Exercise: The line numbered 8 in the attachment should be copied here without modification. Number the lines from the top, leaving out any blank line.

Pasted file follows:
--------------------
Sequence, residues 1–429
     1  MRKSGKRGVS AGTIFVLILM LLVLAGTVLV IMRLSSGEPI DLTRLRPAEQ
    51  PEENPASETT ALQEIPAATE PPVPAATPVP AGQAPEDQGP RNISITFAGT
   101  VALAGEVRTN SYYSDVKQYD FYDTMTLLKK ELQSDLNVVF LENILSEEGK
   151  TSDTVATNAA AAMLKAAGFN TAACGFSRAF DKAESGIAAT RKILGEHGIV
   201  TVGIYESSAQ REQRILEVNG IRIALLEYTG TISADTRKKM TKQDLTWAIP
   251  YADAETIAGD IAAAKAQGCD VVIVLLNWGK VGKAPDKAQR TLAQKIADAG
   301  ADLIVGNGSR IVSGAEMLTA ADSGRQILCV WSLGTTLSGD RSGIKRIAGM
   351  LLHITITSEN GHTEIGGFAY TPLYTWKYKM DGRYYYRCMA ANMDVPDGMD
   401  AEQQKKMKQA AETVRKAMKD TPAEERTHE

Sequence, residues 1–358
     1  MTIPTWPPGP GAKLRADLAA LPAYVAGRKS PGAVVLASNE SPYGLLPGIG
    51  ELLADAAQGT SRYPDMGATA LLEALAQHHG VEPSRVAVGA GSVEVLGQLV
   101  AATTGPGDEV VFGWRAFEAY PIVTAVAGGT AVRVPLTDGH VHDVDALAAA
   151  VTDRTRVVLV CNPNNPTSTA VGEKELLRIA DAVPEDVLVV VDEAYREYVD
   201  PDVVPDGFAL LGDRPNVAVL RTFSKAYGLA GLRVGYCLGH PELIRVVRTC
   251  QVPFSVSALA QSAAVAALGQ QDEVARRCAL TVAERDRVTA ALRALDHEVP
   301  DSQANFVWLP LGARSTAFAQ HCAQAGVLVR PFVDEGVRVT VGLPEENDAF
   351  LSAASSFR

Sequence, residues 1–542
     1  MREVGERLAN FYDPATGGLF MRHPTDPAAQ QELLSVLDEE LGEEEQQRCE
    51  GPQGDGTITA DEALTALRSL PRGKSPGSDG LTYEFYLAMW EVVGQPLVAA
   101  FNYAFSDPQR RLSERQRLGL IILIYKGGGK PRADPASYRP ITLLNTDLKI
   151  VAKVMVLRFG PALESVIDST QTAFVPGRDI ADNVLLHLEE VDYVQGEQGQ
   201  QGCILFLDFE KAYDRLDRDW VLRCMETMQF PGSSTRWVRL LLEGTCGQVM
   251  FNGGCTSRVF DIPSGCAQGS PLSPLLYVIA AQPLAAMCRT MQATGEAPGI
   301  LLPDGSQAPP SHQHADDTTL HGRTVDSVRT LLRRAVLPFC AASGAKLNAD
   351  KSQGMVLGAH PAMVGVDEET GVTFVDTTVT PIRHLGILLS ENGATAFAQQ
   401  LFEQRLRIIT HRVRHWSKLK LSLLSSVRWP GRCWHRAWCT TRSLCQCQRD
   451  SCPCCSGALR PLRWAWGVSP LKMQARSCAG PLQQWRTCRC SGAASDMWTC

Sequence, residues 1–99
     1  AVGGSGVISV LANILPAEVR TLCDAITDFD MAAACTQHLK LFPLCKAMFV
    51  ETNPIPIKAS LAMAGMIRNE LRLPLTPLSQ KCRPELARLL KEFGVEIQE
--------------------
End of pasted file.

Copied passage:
   301  ADLIVGNGSR IVSGAEMLTA ADSGRQILCV WSLGTTLSGD RSGIKRIAGM